Rabbi Sara Perman, leader of the Congregation Emanu-El Israel in Greensburg, explained that before the French Revolution emancipated Jews in Europe, those who spoke out against Judaism faced "cherem" or excommunication. Cherem resulted in both a spiritual and economic "death" because people who were excommunicated were unable to make a living in their community.

"Now, the reality is that if you are unsatisfied and speak out against Judaism, there isn't much we can do about it in this country," Perman said. "Within the general Jewish community, there isn't much you can do except not give them a forum or ignore them."

Haynes said the key to America's success in religious diversity is for people of all religions to understand that you "can't just tolerate" the fact that Muslims or Catholics or Protestants or Mormons or Jews have a right to be here. He said this country is a "level playing field" where everyone is free to practice their religion, but not to carry out extreme ideas that violate basic principles.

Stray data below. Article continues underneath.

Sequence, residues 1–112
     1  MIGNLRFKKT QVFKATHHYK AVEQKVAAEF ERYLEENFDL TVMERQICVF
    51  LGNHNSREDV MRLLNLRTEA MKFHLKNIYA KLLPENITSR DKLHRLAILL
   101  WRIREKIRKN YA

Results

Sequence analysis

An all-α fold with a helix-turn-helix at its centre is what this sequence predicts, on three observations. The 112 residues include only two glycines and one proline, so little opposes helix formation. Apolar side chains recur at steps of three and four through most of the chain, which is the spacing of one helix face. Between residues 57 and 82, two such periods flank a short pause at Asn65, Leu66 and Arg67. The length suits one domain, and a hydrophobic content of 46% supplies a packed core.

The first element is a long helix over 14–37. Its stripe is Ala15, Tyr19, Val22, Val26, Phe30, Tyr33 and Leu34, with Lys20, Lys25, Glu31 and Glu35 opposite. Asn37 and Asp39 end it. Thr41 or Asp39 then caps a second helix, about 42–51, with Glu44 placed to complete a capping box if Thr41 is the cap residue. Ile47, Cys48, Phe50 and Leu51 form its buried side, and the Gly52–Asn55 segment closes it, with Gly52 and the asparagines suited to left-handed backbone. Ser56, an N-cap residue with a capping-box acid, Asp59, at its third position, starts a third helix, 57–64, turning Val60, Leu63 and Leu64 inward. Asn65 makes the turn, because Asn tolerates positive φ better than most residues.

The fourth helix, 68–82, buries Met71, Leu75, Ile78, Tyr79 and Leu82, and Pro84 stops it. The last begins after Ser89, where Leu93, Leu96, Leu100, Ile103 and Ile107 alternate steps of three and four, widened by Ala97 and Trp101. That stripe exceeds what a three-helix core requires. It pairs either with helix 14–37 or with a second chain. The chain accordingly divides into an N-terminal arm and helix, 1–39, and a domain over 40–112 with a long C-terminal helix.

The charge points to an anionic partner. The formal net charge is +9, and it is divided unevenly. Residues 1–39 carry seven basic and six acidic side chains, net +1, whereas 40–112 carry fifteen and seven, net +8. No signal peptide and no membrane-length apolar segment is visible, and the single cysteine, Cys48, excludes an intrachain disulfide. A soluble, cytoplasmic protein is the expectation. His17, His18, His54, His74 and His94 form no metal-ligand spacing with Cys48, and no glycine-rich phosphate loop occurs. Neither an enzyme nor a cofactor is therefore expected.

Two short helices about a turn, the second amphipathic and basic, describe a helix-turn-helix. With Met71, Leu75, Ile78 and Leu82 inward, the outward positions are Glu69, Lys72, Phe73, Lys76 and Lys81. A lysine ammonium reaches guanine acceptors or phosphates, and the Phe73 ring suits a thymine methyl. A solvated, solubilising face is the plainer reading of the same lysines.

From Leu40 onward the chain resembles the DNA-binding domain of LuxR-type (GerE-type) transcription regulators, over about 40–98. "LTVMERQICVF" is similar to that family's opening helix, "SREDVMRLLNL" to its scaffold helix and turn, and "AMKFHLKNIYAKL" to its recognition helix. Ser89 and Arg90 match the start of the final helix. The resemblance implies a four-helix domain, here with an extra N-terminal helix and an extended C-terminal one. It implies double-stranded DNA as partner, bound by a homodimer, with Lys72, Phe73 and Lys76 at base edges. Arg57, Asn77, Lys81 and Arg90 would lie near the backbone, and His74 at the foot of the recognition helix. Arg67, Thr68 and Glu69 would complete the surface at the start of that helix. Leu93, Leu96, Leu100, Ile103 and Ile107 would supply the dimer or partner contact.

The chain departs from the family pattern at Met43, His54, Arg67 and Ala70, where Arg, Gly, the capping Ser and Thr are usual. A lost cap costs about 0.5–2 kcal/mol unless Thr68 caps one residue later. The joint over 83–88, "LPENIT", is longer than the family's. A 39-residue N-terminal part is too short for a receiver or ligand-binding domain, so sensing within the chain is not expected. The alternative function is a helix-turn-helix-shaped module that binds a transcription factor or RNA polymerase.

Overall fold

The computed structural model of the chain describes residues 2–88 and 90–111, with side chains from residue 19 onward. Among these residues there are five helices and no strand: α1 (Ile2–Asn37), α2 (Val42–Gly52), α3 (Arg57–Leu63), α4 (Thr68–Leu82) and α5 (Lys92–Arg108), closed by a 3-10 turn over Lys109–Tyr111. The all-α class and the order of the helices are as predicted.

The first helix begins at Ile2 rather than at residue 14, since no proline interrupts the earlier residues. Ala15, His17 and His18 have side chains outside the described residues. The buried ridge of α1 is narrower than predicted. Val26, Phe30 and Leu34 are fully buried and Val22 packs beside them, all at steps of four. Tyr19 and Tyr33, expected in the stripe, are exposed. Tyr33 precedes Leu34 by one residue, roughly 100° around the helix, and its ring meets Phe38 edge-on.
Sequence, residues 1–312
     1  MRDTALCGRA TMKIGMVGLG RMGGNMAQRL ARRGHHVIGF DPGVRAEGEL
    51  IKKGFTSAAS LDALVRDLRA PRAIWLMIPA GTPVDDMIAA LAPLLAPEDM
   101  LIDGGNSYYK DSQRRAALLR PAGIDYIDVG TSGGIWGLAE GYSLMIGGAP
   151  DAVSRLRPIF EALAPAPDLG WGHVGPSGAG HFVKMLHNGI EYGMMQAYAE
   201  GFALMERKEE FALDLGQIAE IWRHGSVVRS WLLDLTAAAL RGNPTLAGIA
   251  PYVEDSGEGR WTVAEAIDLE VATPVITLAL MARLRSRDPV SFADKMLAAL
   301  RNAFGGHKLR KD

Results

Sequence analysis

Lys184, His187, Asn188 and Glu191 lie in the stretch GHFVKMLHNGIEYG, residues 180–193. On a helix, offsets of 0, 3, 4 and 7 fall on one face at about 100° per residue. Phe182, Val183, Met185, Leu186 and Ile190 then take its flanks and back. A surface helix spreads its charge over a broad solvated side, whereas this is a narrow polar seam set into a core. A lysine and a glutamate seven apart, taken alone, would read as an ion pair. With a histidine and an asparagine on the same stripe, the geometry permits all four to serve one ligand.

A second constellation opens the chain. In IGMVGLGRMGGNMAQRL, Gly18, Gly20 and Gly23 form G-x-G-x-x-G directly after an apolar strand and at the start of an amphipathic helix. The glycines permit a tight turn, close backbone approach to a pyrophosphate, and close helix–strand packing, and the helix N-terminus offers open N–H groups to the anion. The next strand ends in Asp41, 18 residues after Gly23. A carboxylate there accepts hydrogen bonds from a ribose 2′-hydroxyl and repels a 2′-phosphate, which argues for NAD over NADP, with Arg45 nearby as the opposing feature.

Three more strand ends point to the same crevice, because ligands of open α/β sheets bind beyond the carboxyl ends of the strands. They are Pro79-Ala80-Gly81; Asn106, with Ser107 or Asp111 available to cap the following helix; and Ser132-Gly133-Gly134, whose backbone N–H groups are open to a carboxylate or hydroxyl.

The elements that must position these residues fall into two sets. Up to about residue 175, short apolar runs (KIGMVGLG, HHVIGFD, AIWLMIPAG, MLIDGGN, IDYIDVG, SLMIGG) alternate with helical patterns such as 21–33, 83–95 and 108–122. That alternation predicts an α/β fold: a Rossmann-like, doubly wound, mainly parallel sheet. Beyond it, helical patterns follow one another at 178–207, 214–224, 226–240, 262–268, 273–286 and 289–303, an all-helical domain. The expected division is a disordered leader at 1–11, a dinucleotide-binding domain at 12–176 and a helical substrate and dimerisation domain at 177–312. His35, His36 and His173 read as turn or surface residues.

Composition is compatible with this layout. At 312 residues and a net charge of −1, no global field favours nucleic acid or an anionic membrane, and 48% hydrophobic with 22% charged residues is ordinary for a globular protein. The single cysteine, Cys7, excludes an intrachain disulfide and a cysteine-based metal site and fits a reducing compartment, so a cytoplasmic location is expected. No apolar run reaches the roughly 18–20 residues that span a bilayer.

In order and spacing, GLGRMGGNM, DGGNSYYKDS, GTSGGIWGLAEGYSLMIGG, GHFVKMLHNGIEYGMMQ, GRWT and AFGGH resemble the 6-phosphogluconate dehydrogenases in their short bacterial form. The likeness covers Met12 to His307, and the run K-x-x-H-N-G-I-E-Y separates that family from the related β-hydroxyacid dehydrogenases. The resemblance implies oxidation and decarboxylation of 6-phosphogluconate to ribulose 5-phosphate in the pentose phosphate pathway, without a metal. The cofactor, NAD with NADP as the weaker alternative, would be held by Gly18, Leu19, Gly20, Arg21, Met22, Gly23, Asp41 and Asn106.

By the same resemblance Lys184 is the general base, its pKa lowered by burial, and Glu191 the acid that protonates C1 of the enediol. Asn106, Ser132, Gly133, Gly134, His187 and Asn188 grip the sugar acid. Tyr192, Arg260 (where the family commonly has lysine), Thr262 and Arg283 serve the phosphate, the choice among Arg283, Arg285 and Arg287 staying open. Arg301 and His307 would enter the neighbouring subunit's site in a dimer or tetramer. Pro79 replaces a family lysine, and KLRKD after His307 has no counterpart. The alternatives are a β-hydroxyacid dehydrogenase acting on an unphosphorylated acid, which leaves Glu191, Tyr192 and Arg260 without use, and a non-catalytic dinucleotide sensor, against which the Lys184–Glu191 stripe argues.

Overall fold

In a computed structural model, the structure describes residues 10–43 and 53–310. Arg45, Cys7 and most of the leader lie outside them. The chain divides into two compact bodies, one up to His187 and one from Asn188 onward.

"I don't think there's anyplace on the planet with more religious diversity," Haynes said.

"This is a big challenge in 21st century America to make sure we can live with the deepest differences, and religious differences are the most difficult to navigate."


Robin Acton can be reached at racton@tribweb.com or 724-830-6295.

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« Reply #49 on: April 25, 2007, 04:38:28 PM »

http://hotair.com/archives/2007/04/25/audio-ayaan-hirsi-ali-defends-the-imam-who-says-she-must-be-killed/

Ayaan Hirsi Ali is right. Easy on the eyes as well.